The Jensen FF: Chrysler-Powered Four Wheel Drive British Luxury Cars

Jensen FF

Allan and Richard Jensen created Jensen Motors before World War II. The famed Jensen FF (praised most recently by Arnold Rimmer in Red Dwarf: Return to Earth) used a sophisticated four wheel drive system and antilock brakes.

Introduced in 1965 as a 1966 model, the FF was one of the most technically sophisticated cars of its era, boasting not only the revolutionary torque-split four wheel drive system, but four-wheel disc brakes (still a rarity at the time) and highly unusual antilock brakes — acting on all four wheels. It was the first use of four wheel drive in a passenger car, and the first use of any antilock brake system in a car, the second coming years later with the 1971 Imperial. (Mercedes claimed its S-class to be the first production car with antilock brakes, but it did not come until the late 1970s).

Jensen FF 4x4 car

The Jensen FF’s most unique feature was engineered by the Harry Ferguson Research Organization (the FF stands for Ferguson Formula), a company created by tractor-maker Harry Ferguson. HFRO was headed by a former racing driver, with engineering headed by a former Aston Martin chassis designer; Harry Ferguson had died in 1960, but his team continued development of a four wheel drive system for cars. Their design used a limited slip differential to allocate torque to the front and rear wheels; it had been tested using various racing cars.

The Jensen FF was largely based on the 383-powered C-V8; the four wheel drive system had the traditional transfer case behind the transmission, a propellor shaft driving the front wheels, and a conventional driveshaft for the rear wheels. The Ferguson design replaced the usual solid coupling of front and rear axles with a spin-limiting differential that allowed the front and rear tires to have somewhat different speeds, eliminating scrub and inefficiency, while still providing the benefits of four wheel traction. The method was using two secondary gears, one with a slightly higher and one with a slightly lower ratio, each with a one-way clutch, to take up the load when needed, driving the axles at slightly different speeds from each other. A beneficial side effect was adding even engine braking.

cars

As set up by Jensen, the car put just 37% of its power into the front wheels, providing owners of rear wheel drive cars with a familiar feel; once a wheel started spinning, the system moved extra power to the other axle. Jensen claimed that “in no circumstances can one wheel individually, or the front or rear pairs of wheels separately, spin under drive or lock during braking.” 

The car used a front/long arm front suspension with two coils per wheel; the front suspension, power rack and pinion steering, and final drive unit were all mounted to a removable sub-frame, bolted to the main chassis. The rear suspension was identical to the Jensen C-V8, a rigid axle with dual-rate half-elliptic leaf springs and a track bar (Panhard rod) going from the left side of the chassis to the right end of the rear axle. A four-position switch in the cabin adjusted the settings for the Amrstrong rear shocks.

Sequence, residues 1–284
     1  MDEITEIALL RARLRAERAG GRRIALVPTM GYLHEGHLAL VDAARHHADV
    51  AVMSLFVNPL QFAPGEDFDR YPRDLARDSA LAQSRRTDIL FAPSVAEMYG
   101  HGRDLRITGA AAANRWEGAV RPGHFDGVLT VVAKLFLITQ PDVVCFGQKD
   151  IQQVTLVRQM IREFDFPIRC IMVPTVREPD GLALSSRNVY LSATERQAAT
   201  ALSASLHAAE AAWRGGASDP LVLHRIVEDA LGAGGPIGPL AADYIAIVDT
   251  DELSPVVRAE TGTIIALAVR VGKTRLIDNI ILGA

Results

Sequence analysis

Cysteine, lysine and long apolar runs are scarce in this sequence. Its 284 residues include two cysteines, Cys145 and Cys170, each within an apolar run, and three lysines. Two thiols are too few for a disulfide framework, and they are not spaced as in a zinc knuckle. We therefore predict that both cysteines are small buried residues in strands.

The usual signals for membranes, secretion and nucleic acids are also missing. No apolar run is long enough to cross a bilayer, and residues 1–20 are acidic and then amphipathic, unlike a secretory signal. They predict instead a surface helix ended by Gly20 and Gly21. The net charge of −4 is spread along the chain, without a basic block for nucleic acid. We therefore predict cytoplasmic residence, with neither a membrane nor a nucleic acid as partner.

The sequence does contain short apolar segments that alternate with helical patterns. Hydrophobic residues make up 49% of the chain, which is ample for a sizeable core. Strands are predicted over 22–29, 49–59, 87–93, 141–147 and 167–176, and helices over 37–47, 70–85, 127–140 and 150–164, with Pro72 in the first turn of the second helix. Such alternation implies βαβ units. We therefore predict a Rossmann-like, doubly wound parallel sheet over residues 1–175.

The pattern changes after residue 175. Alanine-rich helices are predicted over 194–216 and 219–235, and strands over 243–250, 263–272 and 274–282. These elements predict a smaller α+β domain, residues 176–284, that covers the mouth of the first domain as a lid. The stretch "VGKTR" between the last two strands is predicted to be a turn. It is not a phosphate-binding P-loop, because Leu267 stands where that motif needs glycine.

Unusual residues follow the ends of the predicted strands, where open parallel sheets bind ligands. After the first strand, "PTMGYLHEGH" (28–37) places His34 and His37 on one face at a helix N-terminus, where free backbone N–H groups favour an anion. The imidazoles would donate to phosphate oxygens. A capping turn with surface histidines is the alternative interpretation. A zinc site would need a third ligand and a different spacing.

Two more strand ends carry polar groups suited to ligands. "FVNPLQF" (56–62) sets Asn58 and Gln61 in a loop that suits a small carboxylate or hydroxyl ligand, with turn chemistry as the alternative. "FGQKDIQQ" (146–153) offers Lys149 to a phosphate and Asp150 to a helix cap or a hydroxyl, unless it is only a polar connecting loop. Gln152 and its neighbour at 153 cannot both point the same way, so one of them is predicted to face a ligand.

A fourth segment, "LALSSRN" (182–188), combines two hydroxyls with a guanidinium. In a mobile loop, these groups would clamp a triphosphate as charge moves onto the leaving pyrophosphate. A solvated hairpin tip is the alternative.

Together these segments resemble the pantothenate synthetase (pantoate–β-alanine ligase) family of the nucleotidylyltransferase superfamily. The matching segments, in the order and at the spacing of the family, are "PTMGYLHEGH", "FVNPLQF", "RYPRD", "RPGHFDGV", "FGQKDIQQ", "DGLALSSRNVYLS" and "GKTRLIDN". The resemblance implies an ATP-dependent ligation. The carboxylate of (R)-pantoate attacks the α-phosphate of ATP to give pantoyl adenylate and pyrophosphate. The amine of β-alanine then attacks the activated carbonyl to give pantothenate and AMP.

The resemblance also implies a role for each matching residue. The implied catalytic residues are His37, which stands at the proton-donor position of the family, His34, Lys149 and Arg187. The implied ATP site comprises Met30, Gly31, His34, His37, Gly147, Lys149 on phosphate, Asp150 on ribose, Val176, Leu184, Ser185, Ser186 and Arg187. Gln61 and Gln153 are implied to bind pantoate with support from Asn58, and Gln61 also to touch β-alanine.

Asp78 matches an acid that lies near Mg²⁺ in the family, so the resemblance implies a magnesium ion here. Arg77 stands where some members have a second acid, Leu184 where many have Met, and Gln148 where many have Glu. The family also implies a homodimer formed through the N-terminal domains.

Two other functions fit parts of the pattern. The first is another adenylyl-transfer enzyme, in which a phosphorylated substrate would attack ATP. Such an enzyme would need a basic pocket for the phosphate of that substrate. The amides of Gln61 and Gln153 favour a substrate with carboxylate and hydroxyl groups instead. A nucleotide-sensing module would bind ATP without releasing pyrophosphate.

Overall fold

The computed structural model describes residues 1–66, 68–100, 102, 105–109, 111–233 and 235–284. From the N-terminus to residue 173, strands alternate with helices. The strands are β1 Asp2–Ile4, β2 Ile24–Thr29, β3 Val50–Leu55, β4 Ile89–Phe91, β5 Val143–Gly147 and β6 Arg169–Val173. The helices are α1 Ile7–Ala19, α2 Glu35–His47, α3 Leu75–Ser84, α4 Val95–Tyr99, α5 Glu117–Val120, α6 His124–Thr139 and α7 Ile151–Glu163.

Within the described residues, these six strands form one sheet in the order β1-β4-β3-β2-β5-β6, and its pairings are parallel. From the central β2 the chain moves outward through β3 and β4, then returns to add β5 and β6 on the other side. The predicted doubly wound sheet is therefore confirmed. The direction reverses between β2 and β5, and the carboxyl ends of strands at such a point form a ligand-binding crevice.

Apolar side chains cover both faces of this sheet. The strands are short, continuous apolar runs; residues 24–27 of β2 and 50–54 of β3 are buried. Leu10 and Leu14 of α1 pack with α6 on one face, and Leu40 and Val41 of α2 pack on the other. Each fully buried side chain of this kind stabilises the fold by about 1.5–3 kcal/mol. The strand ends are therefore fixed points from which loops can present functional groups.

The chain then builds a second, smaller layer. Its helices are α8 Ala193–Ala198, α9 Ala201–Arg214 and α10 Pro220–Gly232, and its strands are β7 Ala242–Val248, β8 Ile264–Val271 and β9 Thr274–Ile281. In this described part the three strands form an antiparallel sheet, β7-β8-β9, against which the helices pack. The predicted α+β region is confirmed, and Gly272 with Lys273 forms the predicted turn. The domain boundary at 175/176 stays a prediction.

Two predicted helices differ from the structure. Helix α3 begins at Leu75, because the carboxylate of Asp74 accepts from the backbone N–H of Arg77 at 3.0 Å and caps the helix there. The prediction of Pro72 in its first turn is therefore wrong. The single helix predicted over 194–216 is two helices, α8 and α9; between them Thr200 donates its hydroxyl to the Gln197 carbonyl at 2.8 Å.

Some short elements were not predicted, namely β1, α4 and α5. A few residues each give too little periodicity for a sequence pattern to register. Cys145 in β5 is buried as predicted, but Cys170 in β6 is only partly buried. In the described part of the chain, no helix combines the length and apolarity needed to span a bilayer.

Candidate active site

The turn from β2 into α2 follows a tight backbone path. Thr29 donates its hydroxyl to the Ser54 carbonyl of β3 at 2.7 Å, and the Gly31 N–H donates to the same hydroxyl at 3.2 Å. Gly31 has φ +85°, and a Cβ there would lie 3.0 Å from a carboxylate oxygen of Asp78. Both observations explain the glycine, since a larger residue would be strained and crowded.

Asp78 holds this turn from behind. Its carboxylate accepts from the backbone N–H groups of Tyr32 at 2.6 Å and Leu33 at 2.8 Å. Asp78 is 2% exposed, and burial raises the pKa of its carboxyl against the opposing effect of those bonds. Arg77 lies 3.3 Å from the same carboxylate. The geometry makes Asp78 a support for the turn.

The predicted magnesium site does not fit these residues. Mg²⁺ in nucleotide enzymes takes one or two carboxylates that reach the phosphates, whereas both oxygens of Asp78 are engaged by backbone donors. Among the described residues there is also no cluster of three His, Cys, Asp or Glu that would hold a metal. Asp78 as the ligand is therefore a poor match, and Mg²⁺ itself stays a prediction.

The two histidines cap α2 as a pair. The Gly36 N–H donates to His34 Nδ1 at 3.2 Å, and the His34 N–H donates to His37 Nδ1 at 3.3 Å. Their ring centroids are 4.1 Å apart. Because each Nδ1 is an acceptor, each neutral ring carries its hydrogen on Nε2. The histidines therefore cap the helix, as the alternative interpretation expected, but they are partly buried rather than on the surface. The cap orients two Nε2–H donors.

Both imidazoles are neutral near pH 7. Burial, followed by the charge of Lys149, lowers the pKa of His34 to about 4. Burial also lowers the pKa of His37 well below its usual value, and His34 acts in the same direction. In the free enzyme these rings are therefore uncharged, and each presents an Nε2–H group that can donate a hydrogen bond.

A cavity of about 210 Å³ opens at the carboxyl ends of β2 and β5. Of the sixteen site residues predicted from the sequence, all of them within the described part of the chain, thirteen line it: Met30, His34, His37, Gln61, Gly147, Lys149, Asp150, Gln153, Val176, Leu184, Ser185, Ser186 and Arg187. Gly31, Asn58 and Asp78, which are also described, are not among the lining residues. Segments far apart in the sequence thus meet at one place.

The FF had some engine placement and front suspension changes to accommodate its Maxaret antilock brakes, a very early design based on aeronautical systems. The antilock brakes were praised by testers, who found they provided control while slowing the car well. The system covered all four wheels, with big 11.25 inch discs and 498 square inches of swept area; the wheels themselves were 15 inches by 6.7 inches, a fairly modest size. The tandem master cylinder allowed for hydraulic failure in one line or the other; and in any case a mechanical parking brake worked with separate pads on the rear discs.

Jensen interior

The interior was done in luxury; front seat passengers were enveloped in splendor with leather-covered bucket seats with shoulder belts, real wood trim, and wool carpeting; instruments included a tachometer, oil pressure gauge, and ammeter. The rear seats were rather tight, since the Interceptor was five inches shorter than a Camaro (making it big for Europe and small for the U.S., with a length of 188 inches); but the rear hatch had substantial luggage space. Jensen sold pre-fabricated body sections to repair cars that were in collisions.

The standard 383 V8 used a single Carter four-barrel carburetor producing 330 hp, with a 3.07:1 axle gearing (2.93 and 3.54 gearing could be fitted). Other, later engines included the 440 and 360; the 426 Hemi was experimented with, but the cost of the engine and suspension upgrades were prohibitive. There was even at least one Interceptor FF SP, Dave Horton’s convertible, made after Jensen closed its doors; more might have been made at the factory but these 440 Six Pack versions would be extremely rare if they were made at all.

V8 engine

In 1966, the Jensen FF started at £4,343 (around $12,000), plus £906 VAT, in the UK; the standard C-V8 ran around $9,750, in comparison. The weight was a reasonable 3,700 pounds.

For more, see 1966-1991 Jensen Interceptor: Unappreciated Overachiever", by Graham Robson, Collectible Automobile Volume 8 Number 3 (October 1991), and the Jensen-Healey Preservation Society web site. Much of the information in this site, and the Jensen brochure that starts the page, comes from the files of the National Automotive History Collection of the Detroit Public Libraries.

We make no guarantees regarding validity, accuracy, or applicability of information, predictions, or advice. Please read the terms of use and privacy policy. Copyright © 1994-2000, David Zatz; copyright © 2001-2016, Allpar LLC (except as noted, and press/publicity materials); all rights reserved. Dodge, Jeep, Chrysler, Ram, and Mopar are trademarks of Fiat Chrysler Automobiles.


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